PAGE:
All I know is that everytime I use that new snowthrower I will think of that guy and his startling behaviour. And I will feel just as bad about it each time.

Monday, November 13, 2006

how it begins?

Sunday morning as Mary opened the blinds to get a sense of the day, she noticed a mess of orange on the driveway. Dismayed, she looked closer, and realized that the mess was the smashed remains of one of the pumpkins from the seasonal decoration of corn stalks, baskets and pumpkins she had placed on the front porch.

It seemed odd that the vandalism occurred now, since halloween is long past and the pumpkins had remained untouched then, when you would normally expect such a petty act of destruction to happen. There was no apparent reason or justification for the action. The randomness of it all made me wonder if that kind of impulsive act, most likely by a teenage punk and his buddies, is where a singleminded disregard for property and consequences begins.

The kid sees a target of opportunity--pumpkins unguarded on a front porch-- and without thinking it through, decides to grab one of them. Now he has it in his hands, but what does he do with it? He figures as long as I've got it, maybe I'll just destroy it to see what it feels like. So he smashes it on the driveway, unheedful of the mess he's made and disdainful of the cleanup chore that will result for the owner of the pumpkin, and unmindful of the anguish that such a violation of property and privacy his act has produced.

Forty years later he becomes President. I wonder how many pumpkins George Bush smashed as a punk teenager?

Friday, November 10, 2006

taken for granted

Tomorrow is officially Veterans Day, a day when we are supposed to reflect on the men and women who, throughout the years, and in various conflicts, have served our country in its armed forces. A wonderful idea in theory. In practice, however, I get the feeling that the day set aside for remembering and honoring those soldiers and sailors is just another day set aside by the government on which we get no mail delivery.

I wish it wasn't so. And yet I am as guilty as anyone else in mostly ignoring the day. I, like many other Americans, simply take for granted that we will always have citizens willing to bear arms in our defense. War is the most despicable, outrageous invention of man, yet for whatever reasons that motivate them, there will always be those who are willing to go to war, to risk their lives in our behalf. It has always been so throughout our history, and I suspect it will always be so.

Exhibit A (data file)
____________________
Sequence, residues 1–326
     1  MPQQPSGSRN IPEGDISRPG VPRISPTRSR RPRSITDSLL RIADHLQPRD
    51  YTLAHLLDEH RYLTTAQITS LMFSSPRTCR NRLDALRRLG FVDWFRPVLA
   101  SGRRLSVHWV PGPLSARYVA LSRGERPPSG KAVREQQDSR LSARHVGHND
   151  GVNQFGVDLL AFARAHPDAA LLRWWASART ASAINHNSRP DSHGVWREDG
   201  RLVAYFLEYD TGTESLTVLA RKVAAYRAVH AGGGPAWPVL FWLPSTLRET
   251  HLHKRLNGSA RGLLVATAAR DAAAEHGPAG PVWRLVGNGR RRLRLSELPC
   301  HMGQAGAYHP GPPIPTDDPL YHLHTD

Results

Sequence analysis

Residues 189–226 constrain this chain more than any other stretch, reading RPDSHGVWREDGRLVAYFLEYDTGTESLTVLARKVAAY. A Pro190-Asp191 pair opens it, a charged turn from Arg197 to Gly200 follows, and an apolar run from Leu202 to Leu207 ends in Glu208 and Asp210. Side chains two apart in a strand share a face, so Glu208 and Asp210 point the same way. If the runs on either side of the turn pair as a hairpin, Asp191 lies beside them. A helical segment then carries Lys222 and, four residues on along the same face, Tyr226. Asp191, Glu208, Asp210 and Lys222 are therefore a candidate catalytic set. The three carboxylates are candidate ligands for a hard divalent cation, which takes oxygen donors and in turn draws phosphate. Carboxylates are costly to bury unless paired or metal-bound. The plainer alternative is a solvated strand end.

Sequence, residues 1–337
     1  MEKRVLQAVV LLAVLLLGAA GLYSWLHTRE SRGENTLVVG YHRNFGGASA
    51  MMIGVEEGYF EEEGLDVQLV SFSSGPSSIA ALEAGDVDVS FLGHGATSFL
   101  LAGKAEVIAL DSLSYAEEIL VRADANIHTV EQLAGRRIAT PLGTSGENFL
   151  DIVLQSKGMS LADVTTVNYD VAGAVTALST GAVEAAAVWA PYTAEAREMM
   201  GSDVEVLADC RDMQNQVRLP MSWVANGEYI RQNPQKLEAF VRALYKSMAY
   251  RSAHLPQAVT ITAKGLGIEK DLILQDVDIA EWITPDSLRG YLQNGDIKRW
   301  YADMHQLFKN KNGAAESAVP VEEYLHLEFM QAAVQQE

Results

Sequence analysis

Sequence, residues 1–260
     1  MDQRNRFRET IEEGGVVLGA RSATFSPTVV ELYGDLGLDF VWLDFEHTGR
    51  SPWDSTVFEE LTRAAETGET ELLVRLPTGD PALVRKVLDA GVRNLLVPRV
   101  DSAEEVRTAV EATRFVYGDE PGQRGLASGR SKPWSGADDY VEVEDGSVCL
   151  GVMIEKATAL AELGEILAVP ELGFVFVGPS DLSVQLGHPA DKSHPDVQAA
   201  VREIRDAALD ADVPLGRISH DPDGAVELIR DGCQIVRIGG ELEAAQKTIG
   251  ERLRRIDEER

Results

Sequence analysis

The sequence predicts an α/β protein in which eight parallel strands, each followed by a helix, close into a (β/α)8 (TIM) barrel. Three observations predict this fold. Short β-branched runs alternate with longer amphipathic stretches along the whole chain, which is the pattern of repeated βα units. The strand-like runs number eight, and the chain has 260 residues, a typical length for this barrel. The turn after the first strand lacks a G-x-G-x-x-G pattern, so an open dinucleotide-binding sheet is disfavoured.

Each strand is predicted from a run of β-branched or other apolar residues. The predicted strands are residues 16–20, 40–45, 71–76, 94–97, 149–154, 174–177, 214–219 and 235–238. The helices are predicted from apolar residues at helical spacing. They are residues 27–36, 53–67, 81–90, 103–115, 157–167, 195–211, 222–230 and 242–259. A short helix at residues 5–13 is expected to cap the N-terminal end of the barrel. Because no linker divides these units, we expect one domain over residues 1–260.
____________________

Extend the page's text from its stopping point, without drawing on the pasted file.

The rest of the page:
Of course, having said that, I must reflect on the fact that without those willing to serve, without those who have given their lives in service to our country, I would not be sitting here with the freedom to write these words. Without those willing citizens, the elections this past Tuesday would not have occurred. Without those soldiers protecting our national interests, we would be a society most likely different from what we now are. Without those men and women who courageously served in the most trying , frightening, awful wartime circumstances, and who gave their lives in that service, we would be in a society in which the freedoms we enjoy would be only a dream.

And while in the past I have largely ignored the parades, the cemetary wreath placings, the 21 gun salutes as mere pageantry, I think tomorrow I will take a moment to appreciate the slow moving, limping ex-soldiers who proudly parade down Main Street in uniforms from earlier times; to appreciate those who struggle with a life with lost limbs; to appreciate the families who cope daily with the loss to war of a father, brother, sister, husband, wife, child.